The relevance of radio
by Lucille Nolasco
CKJS Radio on remote location at Grant Park mall for Winnipeg Harvest charity drive. With Lucille Nolasco and Lendyll Soriano interviewing listener-donor Monett
Lucille Nolasco on remote broadcast at Rizal Optical’s grand opening with Dr. Tyler Anderson and family
With Mildred Smith, Marketing Director of Seafood City, on-air chat about the exciting opening of their Winnipeg location.
Joining and supporting community fun at the Manitoba Filipino Street Festival. Remote broadcast with Maui and Ace Zamora and Lucille Nolasco.
At the studio, after an on-air live interview with Winnipeg North MP Kevin Lamoureux
Is radio still relevant today?
With the Internet and increasing popularity of different social media platforms dominating the information highway, traditional media such as print, television and radio seemed to have taken a back seat.
Many newspapers and magazine publications have folded throughout the years. Many TV and radio stations also succumbed to the competition as more and more people seem to have acquired an insatiable taste for the modern, the unusual, the I-am-now culture.
Ironic, but radio can deliver all that and more.
Radio is so unique in a way that it can be personal. The voice or voices behind the microphone talk to the audience in a special way. One’s imagination is stirred with every bit of information or sound. It delivers fast, anywhere, anytime.
Radio can complement any other medium of communication.
Growing up, I can’t remember not listening to the radio on a regular basis. My parents turned it on every morning and listened to the latest news and information. Especially during a storm, the weather bulletins helped them a lot when deciding to send their kids to school or not.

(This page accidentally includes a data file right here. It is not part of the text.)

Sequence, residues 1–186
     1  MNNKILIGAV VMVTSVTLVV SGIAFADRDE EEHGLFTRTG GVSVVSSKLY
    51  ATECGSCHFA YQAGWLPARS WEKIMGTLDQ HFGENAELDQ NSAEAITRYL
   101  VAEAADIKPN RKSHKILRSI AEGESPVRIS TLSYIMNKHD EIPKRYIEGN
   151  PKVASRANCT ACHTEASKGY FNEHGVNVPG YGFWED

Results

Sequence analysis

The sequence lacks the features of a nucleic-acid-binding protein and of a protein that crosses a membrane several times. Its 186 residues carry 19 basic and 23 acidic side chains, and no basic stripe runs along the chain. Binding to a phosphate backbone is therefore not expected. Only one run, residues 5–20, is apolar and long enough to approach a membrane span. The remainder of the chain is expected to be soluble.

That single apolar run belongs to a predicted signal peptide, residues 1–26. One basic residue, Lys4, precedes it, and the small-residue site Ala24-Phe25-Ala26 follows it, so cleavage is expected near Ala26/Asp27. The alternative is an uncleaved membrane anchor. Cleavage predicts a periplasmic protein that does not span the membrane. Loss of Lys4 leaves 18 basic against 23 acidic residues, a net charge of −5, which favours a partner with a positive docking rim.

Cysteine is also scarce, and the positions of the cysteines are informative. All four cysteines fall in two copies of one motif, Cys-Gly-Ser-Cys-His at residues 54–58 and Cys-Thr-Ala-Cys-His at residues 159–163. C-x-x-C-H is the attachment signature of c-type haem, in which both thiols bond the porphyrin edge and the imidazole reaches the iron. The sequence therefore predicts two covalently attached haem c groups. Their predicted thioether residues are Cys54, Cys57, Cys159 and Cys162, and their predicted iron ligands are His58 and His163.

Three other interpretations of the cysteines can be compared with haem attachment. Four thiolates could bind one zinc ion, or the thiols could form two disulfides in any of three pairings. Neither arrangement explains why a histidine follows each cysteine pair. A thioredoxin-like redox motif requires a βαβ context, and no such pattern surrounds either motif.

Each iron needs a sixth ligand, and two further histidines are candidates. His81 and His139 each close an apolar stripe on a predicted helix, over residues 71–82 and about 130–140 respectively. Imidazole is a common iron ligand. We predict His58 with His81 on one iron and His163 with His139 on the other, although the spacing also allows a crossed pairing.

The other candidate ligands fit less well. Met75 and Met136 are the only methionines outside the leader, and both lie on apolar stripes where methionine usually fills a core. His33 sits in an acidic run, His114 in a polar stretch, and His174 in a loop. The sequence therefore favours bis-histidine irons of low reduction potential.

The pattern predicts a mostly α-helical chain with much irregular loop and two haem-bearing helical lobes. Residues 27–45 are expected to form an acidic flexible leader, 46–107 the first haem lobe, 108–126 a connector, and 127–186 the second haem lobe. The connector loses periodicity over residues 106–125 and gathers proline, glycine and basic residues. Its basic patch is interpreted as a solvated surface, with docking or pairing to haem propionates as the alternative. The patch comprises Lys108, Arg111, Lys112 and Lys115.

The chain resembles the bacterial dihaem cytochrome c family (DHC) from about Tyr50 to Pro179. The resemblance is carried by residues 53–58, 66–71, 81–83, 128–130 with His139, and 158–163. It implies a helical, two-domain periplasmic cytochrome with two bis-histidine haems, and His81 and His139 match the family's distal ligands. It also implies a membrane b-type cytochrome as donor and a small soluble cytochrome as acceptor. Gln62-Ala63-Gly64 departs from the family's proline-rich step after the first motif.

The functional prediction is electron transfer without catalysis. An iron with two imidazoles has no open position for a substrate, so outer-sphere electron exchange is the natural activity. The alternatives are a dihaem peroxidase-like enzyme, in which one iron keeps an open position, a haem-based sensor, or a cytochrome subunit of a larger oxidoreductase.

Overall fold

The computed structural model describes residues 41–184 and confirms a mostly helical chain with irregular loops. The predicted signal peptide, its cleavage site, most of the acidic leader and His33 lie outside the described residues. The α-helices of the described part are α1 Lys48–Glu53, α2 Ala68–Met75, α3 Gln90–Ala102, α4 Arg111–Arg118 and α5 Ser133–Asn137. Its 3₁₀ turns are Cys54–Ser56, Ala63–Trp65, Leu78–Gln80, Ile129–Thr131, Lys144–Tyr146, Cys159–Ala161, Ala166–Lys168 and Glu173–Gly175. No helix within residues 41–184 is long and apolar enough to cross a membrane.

In the afternoons, my aunt would tune in to her favourite drama or listen to music while doing her chores.
As an adolescent, I filled many hours of my time singing along to my favourite tunes on the radio and practicing my dance moves alongside it. It was also a great source of news and information.
Radio has always been a constant in my life.
Fast forward to my immigrating to Winnipeg, Canada. I am very blessed to be able to work for CKJS Radio 810. Founded in the mid 70s, the multi-lingual station has kept up with the times and the competition to continually deliver relevant news and information to its varied audiences. It has gone through many faces and voices beginning with the founders of Pinoy radio programs – Emmie Joaquin and Joe Sulit. Add in Kaka Pacheco, Resty Taruc, Nic Bisda and currently with Lito Taruc, Chester Pangan, Donna Natividad-Arenas, Allan Balingit, Lendyll Soriano and myself, Lucille Nolasco.
CKJS 810 is the only multi-lingual radio station in Manitoba, serving more than 20 different ethnic groups. It was founded in 1974 by Casimir Stanczykowski.
The station is currently owned by Evanov Radio Group of Toronto and has grown with two other sister FM stations – Energy 106 and Hot 100.6
Together, these radio stations continue the medium’s legacy of personal and interactive communication with their listeners – no matter where they are, whatever time of day.
So yes, radio is still relevant today and will continue to be in the future.
February 13th was World Radio Day. This year, UNESCO called on radio stations to uphold diversity, both in their newsrooms and on the airwaves.